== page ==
"The best 1960s comedy released so far this year."
For the most part, I loathe any modern film defined as a "romantic comedy"; not because I'm a cold and callous guy but because most of these movies are lazy and pedantic and poorly veiled vehicles for whatever rich lady may be the current Big Multiplex Draw this week. In a genre overloaded with moronic contrivances, tiresome plot devices and characters so transparent they should be starring in a HOLLOW MAN sequel, it's cause for admiration when something new comes along. And in Hollywood, "new" just means "really old and repackaged".It's not necessary for one to have a familiarity with the old Rock Hudson/Doris Day flicks from the 1960s in order to enjoy the effusive and good-natured silliness of Peyton Reed's Down with Love - but it may help a little. In a sub-genre of movies where everything seems programmed by computer, it's encouraging to see a movie that achieves originality by harkening back to the painfully innocent days of 1962.
Ewan McGregor and Renee Zellweger step into the Hudson/Day formula as Catcher Block and Barbara Novak; he's a playboy with a killer reputation, she's a new author on the scene. Her book, Down with Love, is a call for emancipation: no longer should women be content to solely raise babies and keep a spotless house. Through Barbara's book, women all over the world are discovering their own independence. Catcher Block (a chauvanistic ladies' man and mega-popular magazine columnist) is having none of it.
In your typical modern-day rom-com, Block's plan would be the entire plot: he tries to sabotage her into falling in love while she continues to rebuff her advances. Clearly a movie needs more than this meager storyline to keep it afloat.
And that's where Reed and his superlative art designers come in. Like this movie or not, there's simply no denying that it's an absolute joy to LOOK at. That the screenplay deftly juggles some effective bits of what I call Three's Company gags ("It's not LONG enough! I can't make it FIT!") and gives people like McGregor and David Hyde Pierce some truly funny things to say is the icing on the cake. I can't really speak all that much on the film's devotion to its source material (I've only seen one Hudson/Day flick and that was more than enough) but the simple truth is that Down with Love plastered a bemused little grin on my face and it stuck there until the end credits showed up.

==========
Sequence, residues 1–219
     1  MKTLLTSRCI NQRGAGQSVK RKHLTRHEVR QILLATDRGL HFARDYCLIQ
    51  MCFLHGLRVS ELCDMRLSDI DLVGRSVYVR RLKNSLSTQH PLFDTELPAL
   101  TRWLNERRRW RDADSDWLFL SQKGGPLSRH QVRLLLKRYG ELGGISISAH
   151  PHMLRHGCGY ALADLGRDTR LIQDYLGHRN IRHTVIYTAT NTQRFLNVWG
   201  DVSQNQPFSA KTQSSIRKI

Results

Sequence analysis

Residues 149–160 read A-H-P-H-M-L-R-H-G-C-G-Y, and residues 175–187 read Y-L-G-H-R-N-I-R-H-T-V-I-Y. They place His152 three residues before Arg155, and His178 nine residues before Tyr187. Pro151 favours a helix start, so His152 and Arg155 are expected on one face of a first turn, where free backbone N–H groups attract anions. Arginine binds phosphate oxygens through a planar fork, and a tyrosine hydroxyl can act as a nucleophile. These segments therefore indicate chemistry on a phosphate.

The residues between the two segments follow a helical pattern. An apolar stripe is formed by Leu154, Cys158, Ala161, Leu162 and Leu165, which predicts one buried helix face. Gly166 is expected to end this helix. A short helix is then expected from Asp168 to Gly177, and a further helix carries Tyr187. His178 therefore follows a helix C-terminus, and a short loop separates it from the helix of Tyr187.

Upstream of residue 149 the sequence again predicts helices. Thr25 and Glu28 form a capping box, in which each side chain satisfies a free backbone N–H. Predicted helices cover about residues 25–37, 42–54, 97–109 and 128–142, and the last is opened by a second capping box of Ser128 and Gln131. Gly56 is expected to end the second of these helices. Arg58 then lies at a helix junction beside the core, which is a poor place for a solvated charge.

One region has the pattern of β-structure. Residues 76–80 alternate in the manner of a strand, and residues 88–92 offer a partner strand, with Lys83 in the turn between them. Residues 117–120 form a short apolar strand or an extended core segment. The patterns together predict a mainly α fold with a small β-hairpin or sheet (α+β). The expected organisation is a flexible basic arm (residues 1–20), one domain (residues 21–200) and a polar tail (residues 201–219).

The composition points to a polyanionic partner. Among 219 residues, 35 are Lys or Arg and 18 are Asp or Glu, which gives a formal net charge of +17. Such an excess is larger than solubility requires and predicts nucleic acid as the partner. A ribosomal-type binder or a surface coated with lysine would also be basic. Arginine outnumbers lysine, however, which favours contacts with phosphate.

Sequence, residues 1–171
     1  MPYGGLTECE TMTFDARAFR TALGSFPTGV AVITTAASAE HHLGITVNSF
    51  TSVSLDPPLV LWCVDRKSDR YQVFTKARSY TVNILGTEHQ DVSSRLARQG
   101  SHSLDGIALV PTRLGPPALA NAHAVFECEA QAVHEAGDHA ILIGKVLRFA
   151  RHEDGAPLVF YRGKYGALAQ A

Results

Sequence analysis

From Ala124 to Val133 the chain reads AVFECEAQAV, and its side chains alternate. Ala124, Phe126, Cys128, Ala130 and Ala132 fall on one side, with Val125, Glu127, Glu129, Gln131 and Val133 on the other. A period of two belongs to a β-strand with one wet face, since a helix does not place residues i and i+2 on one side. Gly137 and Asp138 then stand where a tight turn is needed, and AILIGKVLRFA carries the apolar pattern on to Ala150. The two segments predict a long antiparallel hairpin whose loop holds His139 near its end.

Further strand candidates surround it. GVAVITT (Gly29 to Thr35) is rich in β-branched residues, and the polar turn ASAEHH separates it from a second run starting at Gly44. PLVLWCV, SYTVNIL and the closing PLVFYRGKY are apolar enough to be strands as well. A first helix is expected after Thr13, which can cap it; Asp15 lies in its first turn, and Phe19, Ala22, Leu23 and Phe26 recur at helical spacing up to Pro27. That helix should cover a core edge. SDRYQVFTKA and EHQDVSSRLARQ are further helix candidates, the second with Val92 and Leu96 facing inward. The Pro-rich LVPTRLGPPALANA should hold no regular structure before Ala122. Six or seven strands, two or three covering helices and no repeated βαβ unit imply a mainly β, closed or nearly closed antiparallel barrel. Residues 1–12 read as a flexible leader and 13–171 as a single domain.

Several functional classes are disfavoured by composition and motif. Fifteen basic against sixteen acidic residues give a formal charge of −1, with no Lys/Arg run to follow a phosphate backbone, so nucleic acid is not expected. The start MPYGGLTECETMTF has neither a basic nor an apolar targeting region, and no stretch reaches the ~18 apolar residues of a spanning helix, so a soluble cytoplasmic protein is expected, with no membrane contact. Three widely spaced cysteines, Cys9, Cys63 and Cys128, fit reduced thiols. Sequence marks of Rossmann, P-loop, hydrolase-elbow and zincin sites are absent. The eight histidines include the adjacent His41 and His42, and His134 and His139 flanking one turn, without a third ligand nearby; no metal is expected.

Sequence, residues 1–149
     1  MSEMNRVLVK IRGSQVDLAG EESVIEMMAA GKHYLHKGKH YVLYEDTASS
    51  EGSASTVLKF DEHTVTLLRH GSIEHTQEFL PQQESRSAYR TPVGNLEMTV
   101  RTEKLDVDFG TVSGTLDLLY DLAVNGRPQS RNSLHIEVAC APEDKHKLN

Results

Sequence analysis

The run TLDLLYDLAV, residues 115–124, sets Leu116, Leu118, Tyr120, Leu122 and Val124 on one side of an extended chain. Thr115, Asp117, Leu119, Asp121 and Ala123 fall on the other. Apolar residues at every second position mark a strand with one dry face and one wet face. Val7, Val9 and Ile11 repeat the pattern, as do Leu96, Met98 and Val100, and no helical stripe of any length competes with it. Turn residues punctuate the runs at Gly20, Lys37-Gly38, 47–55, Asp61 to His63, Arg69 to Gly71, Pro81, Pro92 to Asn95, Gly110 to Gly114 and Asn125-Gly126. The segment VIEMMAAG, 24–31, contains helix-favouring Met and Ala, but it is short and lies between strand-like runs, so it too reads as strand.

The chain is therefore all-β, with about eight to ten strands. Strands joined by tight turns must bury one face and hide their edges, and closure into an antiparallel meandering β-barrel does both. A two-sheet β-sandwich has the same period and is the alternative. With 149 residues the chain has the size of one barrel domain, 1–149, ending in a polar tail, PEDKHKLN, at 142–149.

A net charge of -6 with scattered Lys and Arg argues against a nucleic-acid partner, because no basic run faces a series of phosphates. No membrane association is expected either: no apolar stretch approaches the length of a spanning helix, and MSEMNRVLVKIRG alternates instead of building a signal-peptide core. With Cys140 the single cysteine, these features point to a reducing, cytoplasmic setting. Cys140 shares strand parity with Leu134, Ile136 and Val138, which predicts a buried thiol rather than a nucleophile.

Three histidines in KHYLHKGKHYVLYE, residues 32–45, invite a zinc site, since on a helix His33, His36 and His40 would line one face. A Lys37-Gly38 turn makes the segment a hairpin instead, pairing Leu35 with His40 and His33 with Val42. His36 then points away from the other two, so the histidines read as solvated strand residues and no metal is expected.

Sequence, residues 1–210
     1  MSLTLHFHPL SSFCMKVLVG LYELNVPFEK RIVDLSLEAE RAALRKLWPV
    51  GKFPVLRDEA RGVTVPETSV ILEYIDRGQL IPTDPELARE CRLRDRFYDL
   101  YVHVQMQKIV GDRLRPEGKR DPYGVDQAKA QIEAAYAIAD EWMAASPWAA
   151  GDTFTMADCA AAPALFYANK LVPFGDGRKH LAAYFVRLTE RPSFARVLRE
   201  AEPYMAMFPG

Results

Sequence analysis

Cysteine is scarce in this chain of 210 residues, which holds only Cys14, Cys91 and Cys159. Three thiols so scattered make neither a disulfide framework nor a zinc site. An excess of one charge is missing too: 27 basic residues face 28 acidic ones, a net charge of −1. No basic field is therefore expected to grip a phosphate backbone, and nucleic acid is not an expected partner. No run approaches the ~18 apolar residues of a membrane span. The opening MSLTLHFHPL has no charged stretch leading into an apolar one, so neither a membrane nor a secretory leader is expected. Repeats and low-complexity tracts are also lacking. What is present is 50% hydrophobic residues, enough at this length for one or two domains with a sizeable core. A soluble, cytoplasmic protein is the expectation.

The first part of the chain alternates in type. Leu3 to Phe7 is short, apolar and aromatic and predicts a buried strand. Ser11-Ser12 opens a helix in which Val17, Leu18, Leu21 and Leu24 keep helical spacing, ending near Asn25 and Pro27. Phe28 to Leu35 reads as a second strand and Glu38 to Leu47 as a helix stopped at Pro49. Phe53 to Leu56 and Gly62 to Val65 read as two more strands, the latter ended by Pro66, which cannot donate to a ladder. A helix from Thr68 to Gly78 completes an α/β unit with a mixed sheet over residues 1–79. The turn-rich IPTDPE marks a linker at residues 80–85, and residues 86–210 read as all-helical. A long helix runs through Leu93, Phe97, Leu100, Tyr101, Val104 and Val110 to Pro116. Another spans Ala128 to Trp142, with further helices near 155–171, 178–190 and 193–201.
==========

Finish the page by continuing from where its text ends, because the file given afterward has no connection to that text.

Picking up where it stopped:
Down with Love is broad, silly and sort of predictable. It's also a refeshing breeze of cool air at a time of year that most people are gearing up for CGI explosions and machine gun violence. (I love big-budget insanity too, but this movie plays as perfect counter-programming for the summertime heavyweights.) Laden with excellent performances and surprisingly funny moments, Down with Love is a lightweight trifle to be sure; but it's a lightweight trifle that kept me laughing and smiling for 100 minutes.Odds are you'll like this flick insofar as you appreciate the talents of Mr. McGregor and Ms. Zellweger. Both are absolutely spot-on perfect here, and their performances lend the film a confident posture which elevates it way above our modern-day romantic comedies. To see this sort of colorful goofiness presented with such professional gusto is a rare occurence these days. Guys, forget that it's labeled as "romantic". Fact is this movie's just plain old funny.